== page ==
TEMPLE TERRACE — The quirky domed building was one of the first things prospective home buyers would see when touring this country club community in 1922.
The Temple Terrace Estates Real Estate office was textured to resemble the tasty Temple orange — after all a 5,000 acre farm of them grew nearby.
Today, the building is among a dwindling number of M. Leo Elliott's designs still standing.
The influential architect designed that office, the country club and eight of the original homes in the Temple Terrace Estates subdivision, in addition to myriad other historic homes and buildings throughout the Tampa Bay area. Some of the prominent Tampa architect's work has been destroyed, but many of his buildings still are in use.
The Temple Terrace Preservation Society wants to restore the former real estate office, now known as the Temple Terrace Community Church, to it's Roaring Twenties luster.
When the stock market crashed in 1929 Florida was hit hard. The building boom went bust and the little domed office in Temple Terrace sat empty for years. The original tile was removed and the windows were replaced.
The preservation society hopes to raise about $12,000 in donations to restore the south facade, which once was adorned with Spanish tile on the archways around the doors. The group plans to restore the other sides some time in the future.
Grant Rimbey, a member of the preservation group and an architect, raves about Elliott's work.
"He is probably the best architect Tampa's had to date," Rimbey said. "He had helped define the Mediterranean style in the '20s."
According to Elliott's obituary — which he wrote — he was born April 4, 1886, in the Catskill Mountains in Woodstock, N. Y. He moved to New York City when he was 15 and started working as an office clerk for an architect firm. In time, he moved to Norfolk, Va., and designed buildings for the Jamestown Exposition, an early 20th century fair that commemorated the 300th anniversary of the founding of the Jamestown colony.
When the expo opened, he was already on the move, this time to Tampa where he eventually won competitions to design Centro Asturiano in Ybor, as well as a YMCA and the original Tampa City Hall downtown. He was all of 21 years old.
Elliott retired in 1950. He died in 1967.
The majority of his work still standing is in Temple Terrace, Rimbey said. The Club Morocco Casino and Nightclub, which he designed, is now part of the Florida College campus.
One of his original homes in Temple Terrace Estates — the Cody Fowler house at 313 Sleepy Hollow Ave. — is now up for sale.
The Mediterranean Revival style home was featured in a 1922 postcard. Fowler, the namesake of Fowler Avenue, was a prominent Tampa lawyer who also served as a city commissioner and mayor of Temple Terrace.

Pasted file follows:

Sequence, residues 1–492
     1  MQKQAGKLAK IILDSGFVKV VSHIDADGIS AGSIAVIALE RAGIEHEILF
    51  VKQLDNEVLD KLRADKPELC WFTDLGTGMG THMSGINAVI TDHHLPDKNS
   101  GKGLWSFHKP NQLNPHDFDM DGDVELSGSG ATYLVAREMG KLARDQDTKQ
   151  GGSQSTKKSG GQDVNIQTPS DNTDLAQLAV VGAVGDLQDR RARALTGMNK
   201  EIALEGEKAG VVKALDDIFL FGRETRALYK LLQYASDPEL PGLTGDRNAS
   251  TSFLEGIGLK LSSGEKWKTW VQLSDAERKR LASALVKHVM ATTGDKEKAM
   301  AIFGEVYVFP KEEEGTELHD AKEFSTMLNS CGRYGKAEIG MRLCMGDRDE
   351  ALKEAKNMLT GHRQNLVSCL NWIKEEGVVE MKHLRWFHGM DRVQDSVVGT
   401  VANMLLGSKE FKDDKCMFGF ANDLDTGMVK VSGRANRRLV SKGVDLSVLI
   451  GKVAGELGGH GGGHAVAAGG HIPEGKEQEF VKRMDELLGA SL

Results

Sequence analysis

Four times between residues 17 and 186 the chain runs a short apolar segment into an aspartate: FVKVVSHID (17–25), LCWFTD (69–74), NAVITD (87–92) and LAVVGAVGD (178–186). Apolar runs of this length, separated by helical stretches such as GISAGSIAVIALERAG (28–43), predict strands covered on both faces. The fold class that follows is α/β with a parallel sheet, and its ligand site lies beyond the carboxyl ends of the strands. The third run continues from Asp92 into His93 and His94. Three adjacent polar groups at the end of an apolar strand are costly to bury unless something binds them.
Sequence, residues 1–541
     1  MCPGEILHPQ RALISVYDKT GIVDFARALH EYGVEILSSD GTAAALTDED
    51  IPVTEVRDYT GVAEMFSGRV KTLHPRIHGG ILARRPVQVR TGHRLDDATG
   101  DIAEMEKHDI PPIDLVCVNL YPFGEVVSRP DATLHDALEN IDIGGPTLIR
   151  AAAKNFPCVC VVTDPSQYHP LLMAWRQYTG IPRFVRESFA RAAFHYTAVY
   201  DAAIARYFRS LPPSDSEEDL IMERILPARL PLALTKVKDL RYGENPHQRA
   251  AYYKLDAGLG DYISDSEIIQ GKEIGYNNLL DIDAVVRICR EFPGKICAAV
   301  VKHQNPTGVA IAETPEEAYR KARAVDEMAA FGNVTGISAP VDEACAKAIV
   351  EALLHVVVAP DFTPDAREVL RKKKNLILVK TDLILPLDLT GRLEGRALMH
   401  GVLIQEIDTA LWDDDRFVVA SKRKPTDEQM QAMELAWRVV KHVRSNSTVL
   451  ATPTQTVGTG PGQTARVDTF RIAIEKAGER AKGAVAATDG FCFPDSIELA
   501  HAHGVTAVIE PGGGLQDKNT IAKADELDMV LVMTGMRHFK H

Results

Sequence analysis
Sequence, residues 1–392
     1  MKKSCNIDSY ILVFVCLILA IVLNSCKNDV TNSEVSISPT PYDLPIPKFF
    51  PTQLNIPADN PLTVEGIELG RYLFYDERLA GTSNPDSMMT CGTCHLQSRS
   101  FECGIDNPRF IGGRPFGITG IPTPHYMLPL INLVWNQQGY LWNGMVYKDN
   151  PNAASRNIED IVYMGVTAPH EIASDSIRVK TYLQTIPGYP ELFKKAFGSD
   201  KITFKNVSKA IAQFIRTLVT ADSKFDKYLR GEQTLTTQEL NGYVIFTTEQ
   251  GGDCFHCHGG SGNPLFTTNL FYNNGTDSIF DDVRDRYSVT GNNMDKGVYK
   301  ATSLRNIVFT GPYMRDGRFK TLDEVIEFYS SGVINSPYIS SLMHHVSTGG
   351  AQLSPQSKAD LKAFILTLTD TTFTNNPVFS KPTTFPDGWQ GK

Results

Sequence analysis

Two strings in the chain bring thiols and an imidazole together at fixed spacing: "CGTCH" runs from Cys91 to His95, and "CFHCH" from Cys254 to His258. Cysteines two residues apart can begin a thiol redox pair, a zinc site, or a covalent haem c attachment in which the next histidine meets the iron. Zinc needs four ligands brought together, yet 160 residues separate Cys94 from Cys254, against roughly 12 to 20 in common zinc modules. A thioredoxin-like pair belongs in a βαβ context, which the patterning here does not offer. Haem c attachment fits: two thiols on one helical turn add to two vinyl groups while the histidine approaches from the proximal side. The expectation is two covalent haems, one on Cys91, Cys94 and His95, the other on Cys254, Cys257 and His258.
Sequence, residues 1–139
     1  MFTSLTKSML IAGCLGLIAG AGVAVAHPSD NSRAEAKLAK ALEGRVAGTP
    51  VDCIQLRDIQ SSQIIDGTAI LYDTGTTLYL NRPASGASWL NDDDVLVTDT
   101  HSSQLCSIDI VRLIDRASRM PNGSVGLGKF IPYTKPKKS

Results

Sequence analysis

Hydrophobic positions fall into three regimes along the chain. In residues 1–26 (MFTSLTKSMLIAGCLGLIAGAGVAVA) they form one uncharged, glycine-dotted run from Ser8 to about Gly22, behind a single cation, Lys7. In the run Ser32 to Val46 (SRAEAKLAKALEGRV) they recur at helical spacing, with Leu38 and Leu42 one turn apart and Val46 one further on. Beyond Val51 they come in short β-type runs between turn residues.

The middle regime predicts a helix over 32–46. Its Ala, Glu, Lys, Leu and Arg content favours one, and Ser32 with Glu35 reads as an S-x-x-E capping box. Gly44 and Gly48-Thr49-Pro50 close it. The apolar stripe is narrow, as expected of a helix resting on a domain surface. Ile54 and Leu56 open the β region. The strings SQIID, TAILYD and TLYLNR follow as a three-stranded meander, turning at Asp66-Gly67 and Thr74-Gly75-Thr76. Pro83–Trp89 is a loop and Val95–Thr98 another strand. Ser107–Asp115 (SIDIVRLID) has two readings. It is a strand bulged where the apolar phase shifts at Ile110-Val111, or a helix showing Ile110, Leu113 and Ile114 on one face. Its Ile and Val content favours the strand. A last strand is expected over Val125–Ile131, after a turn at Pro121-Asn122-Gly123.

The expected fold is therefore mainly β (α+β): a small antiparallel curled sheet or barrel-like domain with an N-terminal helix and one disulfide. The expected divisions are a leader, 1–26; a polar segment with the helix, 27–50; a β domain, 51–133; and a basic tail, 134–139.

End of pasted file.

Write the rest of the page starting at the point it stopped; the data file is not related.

Peggy Lawrence, the real estate agent, said the house has been on the market for about a month. Asking price: $1.2 million.
"I feel like it will be just someone who loves the idea of having a historic home," Lawrence said.
The two-story home was nearly torn down by the city before being bought by Everett and Fran Mann in 1970 and restored, according to a 1989 St. Petersburg Times article. A holiday open house will be held there this weekend.
But time has not been so kind to other pieces of Elliott's vision.
The Tampa Gas Co. building was torn down after a contentious battle between Lykes Bros Inc., which owned the building, and preservationists.
The Landmark Union Trust Bank, in St. Petersburg, designed by Elliott in 1927 met the wrecking ball to make way for a parking lot for NationsBank.
Other buildings, however, still shape city blocks in the area.
For instance, Elliott designed the Cuban and Italian clubs in Ybor City, the Masonic Temple of Tampa on Kennedy Boulevard. He also designed many homes on Davis Islands, as well as in South Tampa, including his own at 710 S Newport Ave.
Elliott's granddaughter, who lives in South Tampa, works at a commercial furniture company. She applauds current efforts to save his architectural landmarks.
Lynn Elliott, 56, said she lost her enthusiasm to fight for the preservation of her grandfather's work after seeing so many defining Tampa buildings lost to make way for development, including the Tampa Gas Co. building.
"It kind of took a lot of wind out of my sails as far as the way preservation is thought of in the eyes of developers and land owners in the city. I think it (the gas company building) was a devastating loss to the city as far as the architectural heritage," said Elliott. "I never understand how cities like Chicago and New York take old buildings and give them new life and we just destroy."
At least in Temple Terrace, officials hope to breathe new life in at least a couple of her grandfather's creations.
Jared Leone can be reached at (813) 226-3435 or email@example.com.